When an older loved one begins exhibiting confusion, memory loss, or other signs of cognitive impairment, family members might automatically presume the senior is developing dementia. However, there are many other reasons a senior might display cognitive symptoms that are commonly treatable. A thorough examination by a healthcare provider can determine the underlying cause. Here are a few conditions that display symptoms similar to those of dementia.
Urinary Tract Infections
Urinary tract infections are common in older adults. However, seniors often don’t experience the symptoms associated with the infection. They may not develop a fever, have discomfort during urination, or experience a frequent urge to void. Instead, they may seem confused or have difficulty focusing. They might also be incontinent, agitated, restless, or delusional. Some older adults also feel more tired than usual. A quick urine test can detect the infection and the bacteria causing it. A course of antibiotics typically remedies the problem.
Medication Side Effects
Seniors often take medications that have anticholinergic properties. The formulas block the action of the neurotransmitter acetylcholine throughout the nervous system. Acetylcholine is necessary for muscle function as well as learning, creating, and retaining memory. Blocking the neurotransmitter may then cause dementia-like symptoms. Changing medications or altering the dosage commonly alleviates symptoms. Medications falling into this category include preparations prescribed for:
• Allergy, asthma, or bronchitis
• Dizziness or motion sickness
• Gastrointestinal disorders
• Genitourinary conditions
• Sinus bradycardia, or abnormally low heart rate
Some seniors may require constant supervision to ensure they take their medications correctly. If your senior loved one needs hourly or live-in care, Lincoln Home Care Assistance can help. Our caregivers can assist with exercise and mobility, prepare nutritious meals, provide timely medication reminders, and help with a wide array of other important daily tasks.
Normal Pressure Hydrocephalus
Normal pressure hydrocephalus (NPH) develops when spinal fluid is unable to circulate through the brain. The fluid remains in the brain and causes increased intracranial pressure and swelling. The trauma interferes with neuron communication, which leads to cognitive impairment. Draining the fluid reverses the symptoms. NPH may occur due to external head trauma, internal hemorrhaging, or infections that enter the brain.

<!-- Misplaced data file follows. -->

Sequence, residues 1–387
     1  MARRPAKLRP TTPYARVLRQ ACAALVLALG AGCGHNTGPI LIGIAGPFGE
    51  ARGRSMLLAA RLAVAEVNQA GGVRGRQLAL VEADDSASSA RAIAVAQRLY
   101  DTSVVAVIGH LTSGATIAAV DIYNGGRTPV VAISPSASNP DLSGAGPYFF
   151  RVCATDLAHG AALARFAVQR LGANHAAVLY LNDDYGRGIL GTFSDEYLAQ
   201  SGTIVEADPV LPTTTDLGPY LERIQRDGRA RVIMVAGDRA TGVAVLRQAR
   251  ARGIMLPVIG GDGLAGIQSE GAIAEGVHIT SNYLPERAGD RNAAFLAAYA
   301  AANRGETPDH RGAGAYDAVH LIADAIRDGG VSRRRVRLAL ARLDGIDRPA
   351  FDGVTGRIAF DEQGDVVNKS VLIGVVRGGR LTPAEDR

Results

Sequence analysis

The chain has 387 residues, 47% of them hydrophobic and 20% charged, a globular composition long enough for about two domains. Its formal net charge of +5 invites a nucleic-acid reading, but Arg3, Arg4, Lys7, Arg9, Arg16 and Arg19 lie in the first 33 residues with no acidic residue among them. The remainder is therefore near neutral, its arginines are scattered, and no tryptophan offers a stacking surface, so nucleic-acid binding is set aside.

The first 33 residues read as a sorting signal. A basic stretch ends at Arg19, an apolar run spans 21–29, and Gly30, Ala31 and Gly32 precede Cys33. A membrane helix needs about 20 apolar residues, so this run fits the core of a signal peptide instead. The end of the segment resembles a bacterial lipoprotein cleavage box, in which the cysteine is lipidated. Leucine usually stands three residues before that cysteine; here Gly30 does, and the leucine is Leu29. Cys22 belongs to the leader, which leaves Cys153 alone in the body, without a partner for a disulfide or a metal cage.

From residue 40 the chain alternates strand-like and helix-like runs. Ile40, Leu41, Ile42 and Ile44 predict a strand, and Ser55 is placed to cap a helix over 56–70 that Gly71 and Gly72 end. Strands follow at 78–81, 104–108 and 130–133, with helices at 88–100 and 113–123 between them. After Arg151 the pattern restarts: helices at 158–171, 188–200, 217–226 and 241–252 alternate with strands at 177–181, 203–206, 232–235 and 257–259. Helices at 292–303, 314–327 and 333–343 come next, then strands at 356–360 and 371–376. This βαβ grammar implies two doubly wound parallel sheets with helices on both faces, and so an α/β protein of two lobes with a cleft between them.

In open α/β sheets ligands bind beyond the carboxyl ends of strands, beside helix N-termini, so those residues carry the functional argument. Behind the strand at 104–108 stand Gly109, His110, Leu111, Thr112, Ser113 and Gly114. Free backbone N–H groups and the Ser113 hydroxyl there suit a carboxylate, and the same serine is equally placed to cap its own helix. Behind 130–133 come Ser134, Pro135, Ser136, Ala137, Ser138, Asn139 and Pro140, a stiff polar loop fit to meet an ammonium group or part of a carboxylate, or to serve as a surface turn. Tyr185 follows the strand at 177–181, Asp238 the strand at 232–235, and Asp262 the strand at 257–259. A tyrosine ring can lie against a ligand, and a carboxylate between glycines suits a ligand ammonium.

Statistics indicate that 10 percent of older adults experience depression. The illness often causes confusion, generalized fatigue, and memory loss. Seniors living with the disorder often experience relief by taking prescription medications, increasing physical activity, and adopting techniques to minimize physical stress.
B Vitamin Deficiencies
Vitamin B12 and other B vitamins play a major role in neuron and nerve function. Many seniors are often deficient in B12 secondary to an inability to absorb the nutrient. Thus, a senior may appear to have dementia. The deficiency is particularly prominent in people who abuse alcohol. Blood tests determine if an older adult is lacking B complex vitamins. Oral supplementation or routine injections can correct the issue and reverse associated cognitive problems.
Vitamin deficiencies can occur when seniors have mobility issues or health conditions that make it difficult to plan and prepare nutritious meals on their own. Families who need help caring for a senior loved one can turn to Home Care Assistance, a leading provider of Lincoln in-home care. Services available in our customizable care plans include meal prep, mental and social stimulation, assistance with personal hygiene tasks, and much more.
Seniors may experience hypothyroidism or hyperthyroidism. As the conditions develop slowly over time, symptoms may mimic dementia. An underactive thyroid leads to an inability to learn and short-term memory loss. However, the condition is easily treated with medication. An abnormally overactive thyroid commonly causes nervousness and difficulty concentrating. Seniors may feel like they’re out of touch with reality. The disorder is often treated with radiation or surgical intervention.
If your loved one is ultimately diagnosed with dementia, he or she can still live at home in safety and comfort with the help of a professional caregiver. Lincoln elderly home care professionals can be a wonderful boon to seniors. Whether they require around-the-clock supervision or just need assistance with exercise and household tasks a few days a week, seniors can enjoy a higher quality of life with the help of trusted in-home caregivers. Reach out to us at Home Care Assistance if you need compassionate, professional care for your loved one. Call one of our dedicated Care Managers today at (916) 226-3737 to learn about the high quality of our in-home dementia care services.